Encourage Self-Guided Practice

It is certain that some students won’t prefer to work on their own, and want to pay for your time to guide them all the way. That is ok. Some students may take those practice principles and walk away, content to work on their own from then on. That is ok too. And some will, as we hope, take over managing their own basic practice and keep coming back to us for deeper, more advanced work, building upon what they already know and can do.

Photo by Jonny Clow on Unsplash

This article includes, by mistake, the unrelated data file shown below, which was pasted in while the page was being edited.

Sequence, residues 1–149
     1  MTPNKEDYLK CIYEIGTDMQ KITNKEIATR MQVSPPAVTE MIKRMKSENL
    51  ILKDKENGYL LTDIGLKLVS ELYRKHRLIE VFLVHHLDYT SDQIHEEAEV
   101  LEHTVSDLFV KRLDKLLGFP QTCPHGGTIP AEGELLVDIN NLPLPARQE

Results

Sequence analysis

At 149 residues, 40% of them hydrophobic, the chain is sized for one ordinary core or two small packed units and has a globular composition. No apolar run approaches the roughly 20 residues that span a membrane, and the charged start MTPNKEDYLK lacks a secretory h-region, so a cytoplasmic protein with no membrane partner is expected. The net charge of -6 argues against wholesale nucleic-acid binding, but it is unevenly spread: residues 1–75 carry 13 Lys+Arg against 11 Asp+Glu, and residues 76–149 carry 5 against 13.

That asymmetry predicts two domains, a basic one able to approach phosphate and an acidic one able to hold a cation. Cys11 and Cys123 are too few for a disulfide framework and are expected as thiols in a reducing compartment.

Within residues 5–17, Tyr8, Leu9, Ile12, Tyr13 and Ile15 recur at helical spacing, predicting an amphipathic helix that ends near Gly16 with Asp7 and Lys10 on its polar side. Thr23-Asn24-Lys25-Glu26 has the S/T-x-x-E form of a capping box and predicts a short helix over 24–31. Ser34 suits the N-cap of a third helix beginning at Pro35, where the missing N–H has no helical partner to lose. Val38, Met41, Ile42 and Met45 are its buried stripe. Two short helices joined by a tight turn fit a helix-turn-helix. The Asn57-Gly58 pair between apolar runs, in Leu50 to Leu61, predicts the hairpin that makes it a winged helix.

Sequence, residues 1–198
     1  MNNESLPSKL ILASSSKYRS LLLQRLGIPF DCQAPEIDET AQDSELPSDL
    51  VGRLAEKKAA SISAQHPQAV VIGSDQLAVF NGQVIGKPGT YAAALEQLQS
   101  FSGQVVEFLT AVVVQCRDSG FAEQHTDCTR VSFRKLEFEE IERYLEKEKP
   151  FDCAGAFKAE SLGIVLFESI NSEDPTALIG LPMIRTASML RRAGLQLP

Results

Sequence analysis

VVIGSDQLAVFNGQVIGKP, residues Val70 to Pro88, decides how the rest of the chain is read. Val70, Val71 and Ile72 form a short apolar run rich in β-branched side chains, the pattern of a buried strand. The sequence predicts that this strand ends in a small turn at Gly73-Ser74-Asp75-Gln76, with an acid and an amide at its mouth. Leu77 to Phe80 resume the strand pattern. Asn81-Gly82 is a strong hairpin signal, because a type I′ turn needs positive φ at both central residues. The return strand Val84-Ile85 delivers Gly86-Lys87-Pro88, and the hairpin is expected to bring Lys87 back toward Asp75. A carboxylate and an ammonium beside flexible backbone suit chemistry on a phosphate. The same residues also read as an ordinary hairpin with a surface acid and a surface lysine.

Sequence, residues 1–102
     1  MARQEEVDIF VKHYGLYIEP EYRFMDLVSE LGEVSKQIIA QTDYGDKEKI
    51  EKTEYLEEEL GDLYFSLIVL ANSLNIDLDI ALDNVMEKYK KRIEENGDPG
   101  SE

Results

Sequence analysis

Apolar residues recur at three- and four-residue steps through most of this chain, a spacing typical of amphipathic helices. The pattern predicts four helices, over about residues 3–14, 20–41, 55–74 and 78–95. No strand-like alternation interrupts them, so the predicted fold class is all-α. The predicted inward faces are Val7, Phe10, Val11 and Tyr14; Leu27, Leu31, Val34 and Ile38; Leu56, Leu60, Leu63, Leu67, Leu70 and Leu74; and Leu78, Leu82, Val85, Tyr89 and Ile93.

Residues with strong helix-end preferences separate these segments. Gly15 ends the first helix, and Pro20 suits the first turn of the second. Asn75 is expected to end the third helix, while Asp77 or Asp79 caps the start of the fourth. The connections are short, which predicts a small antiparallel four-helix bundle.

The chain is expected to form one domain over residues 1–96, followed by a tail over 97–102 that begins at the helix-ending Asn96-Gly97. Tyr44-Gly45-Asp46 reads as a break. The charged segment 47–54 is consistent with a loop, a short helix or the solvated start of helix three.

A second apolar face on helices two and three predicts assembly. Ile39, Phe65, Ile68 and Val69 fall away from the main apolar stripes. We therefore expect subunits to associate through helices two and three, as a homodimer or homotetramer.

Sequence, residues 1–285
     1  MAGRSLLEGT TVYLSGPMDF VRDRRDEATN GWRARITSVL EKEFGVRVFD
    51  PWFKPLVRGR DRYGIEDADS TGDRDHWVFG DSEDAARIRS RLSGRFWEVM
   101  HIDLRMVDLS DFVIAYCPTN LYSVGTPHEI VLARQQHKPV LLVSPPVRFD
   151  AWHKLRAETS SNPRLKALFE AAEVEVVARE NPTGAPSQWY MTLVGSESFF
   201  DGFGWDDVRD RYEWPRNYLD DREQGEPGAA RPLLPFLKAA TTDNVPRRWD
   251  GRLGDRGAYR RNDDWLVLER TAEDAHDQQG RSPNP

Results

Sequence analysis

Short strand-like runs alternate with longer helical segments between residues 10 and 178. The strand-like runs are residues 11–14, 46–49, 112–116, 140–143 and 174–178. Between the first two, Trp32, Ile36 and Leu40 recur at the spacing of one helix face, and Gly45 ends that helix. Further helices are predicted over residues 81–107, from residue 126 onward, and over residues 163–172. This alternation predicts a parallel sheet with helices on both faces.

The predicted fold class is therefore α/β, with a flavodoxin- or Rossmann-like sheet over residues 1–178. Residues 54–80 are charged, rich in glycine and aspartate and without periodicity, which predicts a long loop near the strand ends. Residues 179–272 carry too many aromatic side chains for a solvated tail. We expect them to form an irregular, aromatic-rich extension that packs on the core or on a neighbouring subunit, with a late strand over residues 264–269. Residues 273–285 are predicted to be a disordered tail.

As the coach designing and guiding your student through a practice, you are using a collection principles to guide you. Internalizing those principles will enable you to make the practice fit with the immediate developmental needs of this student. By leading them through this principle-based practice, you are giving them an example of how to practice on their own. You know the principles involved, and over time, you have the opportunity to impart an understanding of those practice principles to your student so that they become a better self-guiding practitioner. When your student eventually takes on more of the responsibility for planning and conducting their own practices, this then frees you up to guide them into more advanced skills and more advanced training.

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